LACONIA — The Laconia Area Community Land Trust Wednesday morning asked the Belknap County Commissioners for their sponsorship of a $250,00 Community Development Block Grant application for a 32-unit workforce housing development which will be built next to the Winnipesaukee River in downtown Laconia.
Linda Harvey, executive director of the trust, said the $7.4 million River's Edge project has a $500,000 gap in its funding and the county's support would help bridge that shortfall. The project is ready to go out to bid and only needs to complete its financing in order to move ahead.
The project would be built on a 1.85 acre site bordered by Union Avenue, Arch Street and the Winnipesaukee River which currently is occupied by two abandoned and blighted warehouse buildings formerly used by F.W. Webb, according to Harvey.
Commissioner Steve Nedeau (R-Meredith) wondered why the LACLT hadn't gone to the city of Laconia for its grant sponsorship and Harvey said that the trust hadn't anticipated the shortfall.
''We didn't think we'd need them,'' she said, adding that the city is participating in other ways, including its Riverwalk project, which will pass through the site, and by waiving 80 percent of the impact fees for the project.
Harvey said and LACLT was approached by Laconia City Planner Shanna Saunders last year about redeveloping the site and that it's plan for a three-story elevator-eqipped building has already been approved by the city's planning board.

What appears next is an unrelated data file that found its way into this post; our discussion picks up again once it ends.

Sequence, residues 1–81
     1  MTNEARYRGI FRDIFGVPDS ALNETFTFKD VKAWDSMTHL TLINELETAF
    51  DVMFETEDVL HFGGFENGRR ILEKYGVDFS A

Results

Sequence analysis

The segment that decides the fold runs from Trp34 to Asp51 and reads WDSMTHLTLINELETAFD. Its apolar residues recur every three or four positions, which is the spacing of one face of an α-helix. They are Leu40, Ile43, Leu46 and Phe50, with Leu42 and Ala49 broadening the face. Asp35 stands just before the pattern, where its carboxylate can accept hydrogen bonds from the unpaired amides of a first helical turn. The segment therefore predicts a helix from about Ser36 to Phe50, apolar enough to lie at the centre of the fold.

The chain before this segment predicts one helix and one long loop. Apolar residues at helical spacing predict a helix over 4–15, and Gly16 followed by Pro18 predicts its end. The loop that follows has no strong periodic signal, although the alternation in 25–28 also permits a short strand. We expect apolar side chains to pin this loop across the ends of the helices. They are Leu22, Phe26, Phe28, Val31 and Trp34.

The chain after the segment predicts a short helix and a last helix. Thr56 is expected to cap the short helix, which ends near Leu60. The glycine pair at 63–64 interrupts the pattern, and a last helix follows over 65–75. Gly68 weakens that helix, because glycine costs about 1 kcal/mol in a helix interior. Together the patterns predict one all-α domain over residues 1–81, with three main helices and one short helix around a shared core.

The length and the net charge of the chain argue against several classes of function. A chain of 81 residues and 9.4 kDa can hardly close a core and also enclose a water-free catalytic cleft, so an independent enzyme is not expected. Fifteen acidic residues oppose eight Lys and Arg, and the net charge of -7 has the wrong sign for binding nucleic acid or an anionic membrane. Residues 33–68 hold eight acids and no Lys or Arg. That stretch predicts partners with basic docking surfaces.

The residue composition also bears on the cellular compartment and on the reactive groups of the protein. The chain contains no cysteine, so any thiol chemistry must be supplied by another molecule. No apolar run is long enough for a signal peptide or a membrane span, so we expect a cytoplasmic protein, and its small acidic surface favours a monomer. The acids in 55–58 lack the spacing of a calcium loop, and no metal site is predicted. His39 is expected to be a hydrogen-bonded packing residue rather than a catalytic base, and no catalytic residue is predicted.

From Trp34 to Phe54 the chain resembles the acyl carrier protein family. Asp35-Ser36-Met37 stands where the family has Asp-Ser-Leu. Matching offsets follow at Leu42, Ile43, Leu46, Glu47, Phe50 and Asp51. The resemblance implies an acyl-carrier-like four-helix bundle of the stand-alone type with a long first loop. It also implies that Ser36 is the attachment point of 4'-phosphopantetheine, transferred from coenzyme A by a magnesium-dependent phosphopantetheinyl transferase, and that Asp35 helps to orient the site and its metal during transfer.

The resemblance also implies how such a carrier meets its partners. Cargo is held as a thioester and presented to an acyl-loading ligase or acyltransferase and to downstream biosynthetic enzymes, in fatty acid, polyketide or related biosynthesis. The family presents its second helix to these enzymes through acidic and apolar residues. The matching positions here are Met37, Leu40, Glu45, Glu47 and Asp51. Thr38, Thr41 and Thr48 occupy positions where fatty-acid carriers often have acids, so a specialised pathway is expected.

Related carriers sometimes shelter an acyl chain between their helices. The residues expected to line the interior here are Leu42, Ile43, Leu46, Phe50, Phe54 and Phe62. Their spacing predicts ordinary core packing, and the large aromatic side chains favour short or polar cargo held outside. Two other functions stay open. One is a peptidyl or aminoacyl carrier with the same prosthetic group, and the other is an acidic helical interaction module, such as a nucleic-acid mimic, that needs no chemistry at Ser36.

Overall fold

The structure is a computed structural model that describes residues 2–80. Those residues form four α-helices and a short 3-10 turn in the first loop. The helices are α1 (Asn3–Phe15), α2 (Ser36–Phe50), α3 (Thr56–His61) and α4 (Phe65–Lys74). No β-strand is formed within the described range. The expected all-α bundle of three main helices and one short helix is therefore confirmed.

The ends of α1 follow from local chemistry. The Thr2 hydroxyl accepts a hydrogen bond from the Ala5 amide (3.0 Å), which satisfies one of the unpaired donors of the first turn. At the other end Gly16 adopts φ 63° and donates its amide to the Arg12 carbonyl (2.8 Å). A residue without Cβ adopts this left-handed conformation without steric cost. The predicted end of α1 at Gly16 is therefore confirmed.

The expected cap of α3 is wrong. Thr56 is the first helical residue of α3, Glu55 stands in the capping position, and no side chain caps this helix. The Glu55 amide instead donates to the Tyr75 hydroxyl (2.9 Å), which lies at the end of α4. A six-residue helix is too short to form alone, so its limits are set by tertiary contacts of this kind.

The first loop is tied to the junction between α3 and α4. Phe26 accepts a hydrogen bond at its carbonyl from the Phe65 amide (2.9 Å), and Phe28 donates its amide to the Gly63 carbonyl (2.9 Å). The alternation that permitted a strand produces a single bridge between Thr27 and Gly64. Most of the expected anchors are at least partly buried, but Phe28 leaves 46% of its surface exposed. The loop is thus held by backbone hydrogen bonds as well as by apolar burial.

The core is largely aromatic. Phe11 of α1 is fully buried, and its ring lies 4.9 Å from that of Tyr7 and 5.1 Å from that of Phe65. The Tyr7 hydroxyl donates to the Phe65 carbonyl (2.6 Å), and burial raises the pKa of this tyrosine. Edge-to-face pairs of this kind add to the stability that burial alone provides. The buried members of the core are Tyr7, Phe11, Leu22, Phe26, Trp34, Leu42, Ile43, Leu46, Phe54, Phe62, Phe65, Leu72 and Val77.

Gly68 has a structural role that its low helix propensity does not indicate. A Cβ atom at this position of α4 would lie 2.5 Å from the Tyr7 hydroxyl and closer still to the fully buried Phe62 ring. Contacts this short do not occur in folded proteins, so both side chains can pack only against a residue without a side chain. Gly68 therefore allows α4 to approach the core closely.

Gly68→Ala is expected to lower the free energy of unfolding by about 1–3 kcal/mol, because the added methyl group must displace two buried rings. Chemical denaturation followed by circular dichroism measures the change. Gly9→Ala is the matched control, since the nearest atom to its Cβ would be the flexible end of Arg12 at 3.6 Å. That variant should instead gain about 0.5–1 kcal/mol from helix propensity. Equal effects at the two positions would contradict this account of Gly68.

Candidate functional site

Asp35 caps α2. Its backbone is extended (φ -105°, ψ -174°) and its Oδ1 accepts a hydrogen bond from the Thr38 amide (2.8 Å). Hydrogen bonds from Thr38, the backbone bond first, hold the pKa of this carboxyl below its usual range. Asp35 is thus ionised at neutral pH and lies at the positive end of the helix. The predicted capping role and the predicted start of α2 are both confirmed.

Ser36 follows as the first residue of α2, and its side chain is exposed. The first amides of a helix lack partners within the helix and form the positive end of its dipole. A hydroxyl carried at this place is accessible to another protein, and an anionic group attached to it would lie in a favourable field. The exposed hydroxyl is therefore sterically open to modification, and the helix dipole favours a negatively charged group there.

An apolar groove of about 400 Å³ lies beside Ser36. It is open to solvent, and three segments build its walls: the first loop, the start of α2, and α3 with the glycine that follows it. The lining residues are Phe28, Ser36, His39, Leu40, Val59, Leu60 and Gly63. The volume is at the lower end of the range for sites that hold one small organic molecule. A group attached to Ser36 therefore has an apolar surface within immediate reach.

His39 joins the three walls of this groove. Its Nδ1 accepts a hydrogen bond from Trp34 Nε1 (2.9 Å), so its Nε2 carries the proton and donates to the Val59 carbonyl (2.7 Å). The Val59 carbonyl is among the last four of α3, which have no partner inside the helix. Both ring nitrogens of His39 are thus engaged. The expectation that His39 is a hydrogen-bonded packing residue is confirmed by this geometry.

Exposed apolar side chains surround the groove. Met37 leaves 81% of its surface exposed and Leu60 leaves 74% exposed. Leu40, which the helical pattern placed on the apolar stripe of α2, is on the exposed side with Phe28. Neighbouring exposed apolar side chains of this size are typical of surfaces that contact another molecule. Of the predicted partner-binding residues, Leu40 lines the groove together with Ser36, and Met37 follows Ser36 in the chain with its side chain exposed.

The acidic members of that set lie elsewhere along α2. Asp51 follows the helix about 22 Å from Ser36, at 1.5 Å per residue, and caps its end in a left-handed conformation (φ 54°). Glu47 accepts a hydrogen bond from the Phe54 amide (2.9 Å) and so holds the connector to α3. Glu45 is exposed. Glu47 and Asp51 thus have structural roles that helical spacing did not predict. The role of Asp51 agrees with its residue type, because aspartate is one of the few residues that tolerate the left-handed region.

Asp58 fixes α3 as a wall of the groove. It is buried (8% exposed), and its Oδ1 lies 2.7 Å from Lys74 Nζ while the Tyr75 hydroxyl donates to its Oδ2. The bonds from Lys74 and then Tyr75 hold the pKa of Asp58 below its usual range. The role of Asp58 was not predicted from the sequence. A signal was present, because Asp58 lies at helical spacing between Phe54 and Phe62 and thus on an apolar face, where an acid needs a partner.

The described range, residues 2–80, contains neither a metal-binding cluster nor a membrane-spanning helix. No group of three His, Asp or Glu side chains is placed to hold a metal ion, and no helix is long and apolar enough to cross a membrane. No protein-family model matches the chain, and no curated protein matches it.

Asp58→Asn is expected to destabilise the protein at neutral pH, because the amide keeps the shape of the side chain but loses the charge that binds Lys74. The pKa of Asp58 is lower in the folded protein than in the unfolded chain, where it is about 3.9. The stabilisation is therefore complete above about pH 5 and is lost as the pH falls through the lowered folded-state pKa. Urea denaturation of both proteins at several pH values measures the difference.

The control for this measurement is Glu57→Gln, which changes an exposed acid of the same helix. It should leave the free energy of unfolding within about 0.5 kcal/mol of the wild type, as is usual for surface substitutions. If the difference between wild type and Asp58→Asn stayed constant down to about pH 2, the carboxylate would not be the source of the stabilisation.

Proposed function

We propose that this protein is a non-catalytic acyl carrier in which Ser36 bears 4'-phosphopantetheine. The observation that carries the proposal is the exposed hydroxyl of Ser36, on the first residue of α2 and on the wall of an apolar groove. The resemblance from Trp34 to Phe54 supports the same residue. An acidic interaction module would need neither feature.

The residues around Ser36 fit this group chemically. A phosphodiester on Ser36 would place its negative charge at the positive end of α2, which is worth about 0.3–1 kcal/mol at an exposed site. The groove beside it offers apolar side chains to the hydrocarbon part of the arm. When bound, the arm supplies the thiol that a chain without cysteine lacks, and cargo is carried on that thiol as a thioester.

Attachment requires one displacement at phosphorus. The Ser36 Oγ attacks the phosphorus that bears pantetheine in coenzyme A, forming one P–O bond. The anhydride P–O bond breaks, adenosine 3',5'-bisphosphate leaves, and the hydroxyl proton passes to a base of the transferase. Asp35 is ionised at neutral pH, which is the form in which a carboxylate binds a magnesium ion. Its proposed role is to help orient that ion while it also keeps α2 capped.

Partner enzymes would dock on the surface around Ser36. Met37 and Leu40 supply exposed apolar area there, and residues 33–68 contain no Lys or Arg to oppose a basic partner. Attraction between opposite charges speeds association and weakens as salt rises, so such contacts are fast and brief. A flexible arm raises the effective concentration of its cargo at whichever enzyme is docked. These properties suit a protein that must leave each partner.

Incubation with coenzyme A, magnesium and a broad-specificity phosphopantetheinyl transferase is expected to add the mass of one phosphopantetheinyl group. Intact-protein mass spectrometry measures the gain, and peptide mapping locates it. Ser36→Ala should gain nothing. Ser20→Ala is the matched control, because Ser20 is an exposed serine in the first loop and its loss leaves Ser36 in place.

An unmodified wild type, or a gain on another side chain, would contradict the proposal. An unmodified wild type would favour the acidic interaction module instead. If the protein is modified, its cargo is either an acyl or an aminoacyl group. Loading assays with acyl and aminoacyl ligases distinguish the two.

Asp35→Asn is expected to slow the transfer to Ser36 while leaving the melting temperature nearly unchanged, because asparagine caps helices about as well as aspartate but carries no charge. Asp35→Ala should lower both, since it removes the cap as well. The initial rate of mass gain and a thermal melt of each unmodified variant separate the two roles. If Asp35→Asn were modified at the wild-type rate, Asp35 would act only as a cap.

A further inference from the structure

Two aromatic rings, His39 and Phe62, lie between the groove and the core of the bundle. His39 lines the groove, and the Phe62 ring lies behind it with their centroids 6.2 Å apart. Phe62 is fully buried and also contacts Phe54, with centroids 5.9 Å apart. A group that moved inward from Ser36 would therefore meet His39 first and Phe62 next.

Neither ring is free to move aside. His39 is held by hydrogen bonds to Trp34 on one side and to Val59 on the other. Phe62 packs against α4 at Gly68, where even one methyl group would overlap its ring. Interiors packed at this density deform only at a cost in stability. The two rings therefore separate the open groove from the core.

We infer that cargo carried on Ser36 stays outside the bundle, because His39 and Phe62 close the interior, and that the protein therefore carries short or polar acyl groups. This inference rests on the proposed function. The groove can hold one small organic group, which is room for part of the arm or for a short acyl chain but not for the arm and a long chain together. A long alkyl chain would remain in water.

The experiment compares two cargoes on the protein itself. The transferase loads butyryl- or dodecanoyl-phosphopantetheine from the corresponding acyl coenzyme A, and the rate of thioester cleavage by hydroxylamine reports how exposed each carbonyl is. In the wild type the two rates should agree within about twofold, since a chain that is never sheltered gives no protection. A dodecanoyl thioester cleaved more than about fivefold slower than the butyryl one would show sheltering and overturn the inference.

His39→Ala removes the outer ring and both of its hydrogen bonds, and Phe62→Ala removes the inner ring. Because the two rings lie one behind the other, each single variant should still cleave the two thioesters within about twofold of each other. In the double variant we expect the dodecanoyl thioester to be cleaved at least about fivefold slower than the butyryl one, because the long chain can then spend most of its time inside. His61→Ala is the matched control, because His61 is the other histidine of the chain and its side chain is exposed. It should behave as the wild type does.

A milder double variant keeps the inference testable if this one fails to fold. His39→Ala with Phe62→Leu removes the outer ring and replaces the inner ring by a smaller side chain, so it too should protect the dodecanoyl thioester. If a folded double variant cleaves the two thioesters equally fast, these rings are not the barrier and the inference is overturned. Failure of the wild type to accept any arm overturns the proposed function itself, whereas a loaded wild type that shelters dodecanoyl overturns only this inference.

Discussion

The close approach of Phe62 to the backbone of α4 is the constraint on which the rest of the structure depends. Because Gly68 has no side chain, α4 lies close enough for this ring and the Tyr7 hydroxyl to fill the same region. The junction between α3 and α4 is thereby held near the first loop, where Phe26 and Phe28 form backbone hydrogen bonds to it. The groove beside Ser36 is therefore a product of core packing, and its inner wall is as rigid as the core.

Plans call demolition of the structurally unsound warehouse buildings and construction of a three-story building which would have parking next to Arch Street and also on Union Avenue, where only the top floor of the project will be visible to passing motorists.
Harvey said the N.H. Housing Finance Authority has already approved financing for Low Income Housing Tax Credits and capital subsidy funds and there is also a commitment of funds from NeighborWorks America.
LACLT is providing an easement to the city for public river walk, which will be constructed and maintained by the city.
The organization is looking at purchasing electricity produced at the nearby Avery Dam hydro station as well as green innovations such as geothermal energy for heating and air conditioning.
She said that an additional benefit of the project will be the removal of hazardous waste from the site.
County commissioners agreed to hold a public hearing on the request at their next meeting on January 21, which will enable LACLT to apply for the grant before the January 27 deadline.
LACLT manages 252 housing units in five communities in central New Hampshire, including Laconia, Tilton, Belmont, Meredith and Wolfeboro.
Last Updated on Thursday, 09 January 2014 02:06
LACONIA — The Fire Department took delivery of it 2013 Emergency-One Fire truck yesterday and Chief Ken Erickson said it will soon be fitted with all of the equipment removed from an old truck.